Oh Goodie! I do like a good old General. Election that is… Nothing like those piles of paper to warm the blood. Little mountains of votes, just for me and my mountain is always the tallest of the mountains. I am an Everest amidst a sea of hillocks.
‘Hillock’, I said. You clearly misheard.
Anyway, good old May (Tezza to her chums) has said that she also fancies a bit of a General, so off we go. First past the post, reigns to the ready, Whips whipping what they need to whip.
You see, I hail from Canterbury. That’s where I reign. The thing about Canterbury is that even if I beat a small scraggy child in the street, said I supported the ambitions of Kim Jong-un and mowed over an old lady with my motor, they’d still elect me. Fools.
[What’s that Kate? Of course, I’d love a bit of crumpet. Yes, the more butter the better. Layer it on.]
Policies? Not a clue sorry. Next question.
Retire? Never. When I see the pearly gates, I’ll hand in my notice. Next.
Opposition? Ha. Well, Labour did come close once, but those were the dark days, you know… [shudder] Blair. I suppose if they really did their act together and form some sort of alliance with those Liberal Demo-prats and Greenies, they might just mount some sort of challenge, but even then, I’m pretty sure I’d romp home.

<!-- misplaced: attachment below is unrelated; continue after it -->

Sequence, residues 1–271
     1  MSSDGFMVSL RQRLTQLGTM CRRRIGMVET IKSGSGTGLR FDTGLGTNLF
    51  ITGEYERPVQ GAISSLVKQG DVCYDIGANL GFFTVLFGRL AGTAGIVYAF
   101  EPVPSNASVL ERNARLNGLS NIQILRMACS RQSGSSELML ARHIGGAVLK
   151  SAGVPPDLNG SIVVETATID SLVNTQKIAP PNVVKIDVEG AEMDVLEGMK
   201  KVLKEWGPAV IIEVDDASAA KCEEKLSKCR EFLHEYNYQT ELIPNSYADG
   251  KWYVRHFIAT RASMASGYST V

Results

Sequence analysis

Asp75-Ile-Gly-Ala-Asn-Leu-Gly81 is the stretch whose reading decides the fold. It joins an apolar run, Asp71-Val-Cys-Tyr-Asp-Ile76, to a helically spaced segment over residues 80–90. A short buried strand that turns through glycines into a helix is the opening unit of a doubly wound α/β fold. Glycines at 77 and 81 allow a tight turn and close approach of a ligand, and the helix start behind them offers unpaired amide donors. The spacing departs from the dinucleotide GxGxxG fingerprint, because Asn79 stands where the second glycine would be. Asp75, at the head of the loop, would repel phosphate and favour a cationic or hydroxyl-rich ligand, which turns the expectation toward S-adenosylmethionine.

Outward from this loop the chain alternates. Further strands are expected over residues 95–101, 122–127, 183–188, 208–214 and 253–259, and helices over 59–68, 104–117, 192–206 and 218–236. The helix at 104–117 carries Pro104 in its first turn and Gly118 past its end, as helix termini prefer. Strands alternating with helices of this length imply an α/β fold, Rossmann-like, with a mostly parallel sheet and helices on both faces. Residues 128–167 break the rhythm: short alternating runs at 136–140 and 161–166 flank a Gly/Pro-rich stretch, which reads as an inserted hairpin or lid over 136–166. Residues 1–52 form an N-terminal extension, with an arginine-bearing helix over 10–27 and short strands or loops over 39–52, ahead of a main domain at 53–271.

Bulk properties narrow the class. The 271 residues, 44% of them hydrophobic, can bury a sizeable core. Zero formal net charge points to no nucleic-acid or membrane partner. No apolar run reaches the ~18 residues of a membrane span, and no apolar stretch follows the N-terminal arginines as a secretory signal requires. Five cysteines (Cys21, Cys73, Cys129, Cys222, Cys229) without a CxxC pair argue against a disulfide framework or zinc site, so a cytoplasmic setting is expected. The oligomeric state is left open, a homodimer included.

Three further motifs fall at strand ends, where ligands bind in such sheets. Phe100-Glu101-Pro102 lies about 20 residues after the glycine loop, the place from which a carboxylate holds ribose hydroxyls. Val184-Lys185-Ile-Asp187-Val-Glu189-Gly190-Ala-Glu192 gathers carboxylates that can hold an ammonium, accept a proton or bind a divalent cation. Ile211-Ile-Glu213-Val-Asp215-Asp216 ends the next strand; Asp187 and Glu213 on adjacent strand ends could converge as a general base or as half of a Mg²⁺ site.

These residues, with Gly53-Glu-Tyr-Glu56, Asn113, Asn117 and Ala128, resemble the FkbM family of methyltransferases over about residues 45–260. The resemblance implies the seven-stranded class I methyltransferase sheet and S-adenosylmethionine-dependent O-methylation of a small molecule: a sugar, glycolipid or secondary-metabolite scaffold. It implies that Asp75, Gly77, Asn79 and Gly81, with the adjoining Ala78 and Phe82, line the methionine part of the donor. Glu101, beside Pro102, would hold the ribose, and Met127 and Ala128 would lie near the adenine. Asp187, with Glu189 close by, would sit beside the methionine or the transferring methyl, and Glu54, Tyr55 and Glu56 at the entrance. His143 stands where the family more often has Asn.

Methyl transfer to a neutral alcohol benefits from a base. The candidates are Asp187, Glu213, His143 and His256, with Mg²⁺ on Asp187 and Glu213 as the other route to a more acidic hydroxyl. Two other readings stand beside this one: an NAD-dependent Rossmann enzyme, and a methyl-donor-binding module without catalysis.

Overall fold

‘Romp’, I said. Do you enjoy romping? What do you mean that’s an inappropriate question?
Anyway, must go. Got to dust off the rosette and take off my slippers. Kate! Kate, can you help me pull of my slippers. Always nice to have a woman to hand, if you know what I mean [snort].
See you in 2022.
[Warning: Mr. J. Brazier is a fictional creation. Any similarities to persons living or dead is entirely coincidental]
A&E provision in East Kent is among the worst in the country. Not only have the closure of Emergency Departments in Dover and Canterbury left outlying communities with a potentially 40-minute drive to their nearest A&E, but recent figures released also show that poor consultant provision and huge waits that welcome the injured when they do arrive.
Each time that LabourMum checked online to ascertain the current waiting times at East Kent A&Es (checking 8 times in the past week), William Harvey Hospital in Ashford was posting waiting times of ‘Over 4 Hours’. Even with only 10 patients in A&E in Ashford, a new arrival would typically have to wait over 4 hours.
More scandalously, figures released recently in response to a Freedom of Information request, show that the A&E department at William Harvey Hospital was without any consultant provision during ordinary working hours Monday-Friday for a total of 250 hours in 2016. This means, there are an average 5 hours in every Monday-Friday week where you could turn up to A&E to find absolutely no consultants ready to help treat you.